WASHINGTON — A bill approved by the U.S. Senate on Tuesday achieves a goal long sought by Sen. Tom Coburn and Rep. Tom Cole — abolishing taxpayer funding of national political conventions.
The legislation, which would redirect money for the conventions to pediatric disease research, was approved by the House in December and now goes to the president for his signature.
Cole, R-Moore, has been working since 2009 to end the funding, which amounted to $36 million in 2012 for the Democratic and Republican parties’ national conventions. The House and Senate have previously approved legislation by Cole and Coburn to end the convention funding, but this is the first time a final version has cleared both houses.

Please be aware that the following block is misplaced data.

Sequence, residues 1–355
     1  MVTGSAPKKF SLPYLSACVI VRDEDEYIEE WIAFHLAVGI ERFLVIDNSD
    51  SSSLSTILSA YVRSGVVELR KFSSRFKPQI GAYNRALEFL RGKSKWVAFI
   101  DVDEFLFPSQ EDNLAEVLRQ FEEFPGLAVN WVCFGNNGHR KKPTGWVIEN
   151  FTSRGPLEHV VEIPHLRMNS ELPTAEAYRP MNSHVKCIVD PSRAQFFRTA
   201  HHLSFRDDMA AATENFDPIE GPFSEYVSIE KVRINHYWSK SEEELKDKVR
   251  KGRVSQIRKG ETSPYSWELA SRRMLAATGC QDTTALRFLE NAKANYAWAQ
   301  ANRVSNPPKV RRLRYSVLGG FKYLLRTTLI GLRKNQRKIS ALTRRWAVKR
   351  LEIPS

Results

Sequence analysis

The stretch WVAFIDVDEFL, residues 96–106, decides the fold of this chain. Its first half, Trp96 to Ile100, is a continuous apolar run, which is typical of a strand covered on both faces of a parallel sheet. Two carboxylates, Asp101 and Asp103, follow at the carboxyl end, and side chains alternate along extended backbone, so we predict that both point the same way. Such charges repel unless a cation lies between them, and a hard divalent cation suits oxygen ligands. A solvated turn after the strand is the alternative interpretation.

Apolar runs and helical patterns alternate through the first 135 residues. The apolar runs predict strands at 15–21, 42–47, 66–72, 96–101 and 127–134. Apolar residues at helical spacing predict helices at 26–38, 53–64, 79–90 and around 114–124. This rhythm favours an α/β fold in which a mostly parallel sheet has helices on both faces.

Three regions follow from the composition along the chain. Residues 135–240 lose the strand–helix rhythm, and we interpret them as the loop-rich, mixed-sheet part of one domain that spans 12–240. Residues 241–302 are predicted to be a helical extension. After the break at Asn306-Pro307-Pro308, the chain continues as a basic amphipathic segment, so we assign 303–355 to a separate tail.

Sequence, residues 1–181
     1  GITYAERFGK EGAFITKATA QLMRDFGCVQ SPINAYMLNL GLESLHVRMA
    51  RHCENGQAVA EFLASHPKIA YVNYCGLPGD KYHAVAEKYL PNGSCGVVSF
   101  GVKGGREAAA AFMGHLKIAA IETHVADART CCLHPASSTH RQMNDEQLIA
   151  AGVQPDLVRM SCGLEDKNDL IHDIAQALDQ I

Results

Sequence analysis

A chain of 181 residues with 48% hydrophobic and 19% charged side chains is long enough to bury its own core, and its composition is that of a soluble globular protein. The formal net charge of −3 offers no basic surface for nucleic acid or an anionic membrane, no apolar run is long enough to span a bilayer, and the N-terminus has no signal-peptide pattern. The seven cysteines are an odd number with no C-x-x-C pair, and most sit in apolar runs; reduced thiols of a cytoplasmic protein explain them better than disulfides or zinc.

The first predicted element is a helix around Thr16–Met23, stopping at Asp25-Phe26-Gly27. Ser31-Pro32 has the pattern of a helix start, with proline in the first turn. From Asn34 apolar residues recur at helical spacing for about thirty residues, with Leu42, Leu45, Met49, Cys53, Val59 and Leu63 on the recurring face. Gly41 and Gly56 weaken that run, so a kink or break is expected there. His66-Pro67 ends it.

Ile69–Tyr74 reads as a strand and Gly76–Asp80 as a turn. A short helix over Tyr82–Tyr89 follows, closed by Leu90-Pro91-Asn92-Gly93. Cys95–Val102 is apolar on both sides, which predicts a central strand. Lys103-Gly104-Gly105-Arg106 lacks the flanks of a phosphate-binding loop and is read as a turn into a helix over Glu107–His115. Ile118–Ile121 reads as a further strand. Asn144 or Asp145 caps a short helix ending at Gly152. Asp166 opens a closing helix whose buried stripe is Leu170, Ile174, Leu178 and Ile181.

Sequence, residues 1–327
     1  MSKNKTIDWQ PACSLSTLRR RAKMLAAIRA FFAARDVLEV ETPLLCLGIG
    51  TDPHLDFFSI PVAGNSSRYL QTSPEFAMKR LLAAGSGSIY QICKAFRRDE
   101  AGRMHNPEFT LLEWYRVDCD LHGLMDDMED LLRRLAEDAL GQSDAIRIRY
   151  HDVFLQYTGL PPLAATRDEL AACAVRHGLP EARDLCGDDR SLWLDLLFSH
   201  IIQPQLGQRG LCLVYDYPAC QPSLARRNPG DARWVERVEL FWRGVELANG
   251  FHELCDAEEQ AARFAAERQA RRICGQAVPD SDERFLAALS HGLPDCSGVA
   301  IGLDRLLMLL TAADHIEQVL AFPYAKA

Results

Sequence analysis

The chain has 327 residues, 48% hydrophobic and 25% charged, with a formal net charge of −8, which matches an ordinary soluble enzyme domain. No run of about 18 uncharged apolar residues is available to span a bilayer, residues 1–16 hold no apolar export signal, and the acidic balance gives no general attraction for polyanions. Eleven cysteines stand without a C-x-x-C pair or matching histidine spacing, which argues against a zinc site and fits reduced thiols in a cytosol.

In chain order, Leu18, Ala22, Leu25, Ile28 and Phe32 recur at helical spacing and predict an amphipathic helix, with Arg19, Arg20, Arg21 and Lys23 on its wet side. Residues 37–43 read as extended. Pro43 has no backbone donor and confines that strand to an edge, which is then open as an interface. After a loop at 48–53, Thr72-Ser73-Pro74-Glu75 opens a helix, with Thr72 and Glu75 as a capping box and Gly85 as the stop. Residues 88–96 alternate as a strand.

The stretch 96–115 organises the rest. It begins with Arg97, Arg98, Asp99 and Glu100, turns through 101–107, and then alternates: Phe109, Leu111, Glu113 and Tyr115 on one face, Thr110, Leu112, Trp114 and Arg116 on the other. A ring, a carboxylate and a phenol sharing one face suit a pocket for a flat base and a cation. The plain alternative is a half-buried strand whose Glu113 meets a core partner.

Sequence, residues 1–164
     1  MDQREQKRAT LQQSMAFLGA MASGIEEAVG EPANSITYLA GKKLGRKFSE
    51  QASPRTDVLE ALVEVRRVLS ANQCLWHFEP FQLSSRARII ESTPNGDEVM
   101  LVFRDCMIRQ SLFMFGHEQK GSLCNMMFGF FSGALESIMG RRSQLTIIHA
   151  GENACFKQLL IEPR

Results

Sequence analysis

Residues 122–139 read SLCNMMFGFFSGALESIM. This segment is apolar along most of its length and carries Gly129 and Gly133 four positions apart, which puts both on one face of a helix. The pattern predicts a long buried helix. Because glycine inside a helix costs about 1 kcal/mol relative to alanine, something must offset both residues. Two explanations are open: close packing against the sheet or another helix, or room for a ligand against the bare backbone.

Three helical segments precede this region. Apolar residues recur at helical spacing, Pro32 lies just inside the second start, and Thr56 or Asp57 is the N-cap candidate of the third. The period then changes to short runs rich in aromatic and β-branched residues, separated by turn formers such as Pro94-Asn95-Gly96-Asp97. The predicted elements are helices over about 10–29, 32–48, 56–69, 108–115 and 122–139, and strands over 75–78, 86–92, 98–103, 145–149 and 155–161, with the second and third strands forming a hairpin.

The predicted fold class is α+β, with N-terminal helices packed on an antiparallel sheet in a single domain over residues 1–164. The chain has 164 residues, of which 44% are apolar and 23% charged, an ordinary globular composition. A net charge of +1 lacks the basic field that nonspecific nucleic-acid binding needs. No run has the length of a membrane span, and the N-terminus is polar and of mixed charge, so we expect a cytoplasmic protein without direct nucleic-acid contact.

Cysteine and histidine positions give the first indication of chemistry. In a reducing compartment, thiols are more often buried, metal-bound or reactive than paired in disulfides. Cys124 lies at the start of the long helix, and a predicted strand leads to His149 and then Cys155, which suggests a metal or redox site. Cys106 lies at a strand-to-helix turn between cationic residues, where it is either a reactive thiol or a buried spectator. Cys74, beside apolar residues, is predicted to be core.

The conventions are held every four years to officially nominate the parties’ presidential candidates. However, the nominating has become a formality for the past few decades, as the candidates have had the support sewn up for months, and the conventions have become made-for-television showcases for parties’ campaign themes.
“As a former chief of staff at the Republican National Committee, I know firsthand that political party conventions can be funded easily by private sources alone,” Cole said Tuesday.
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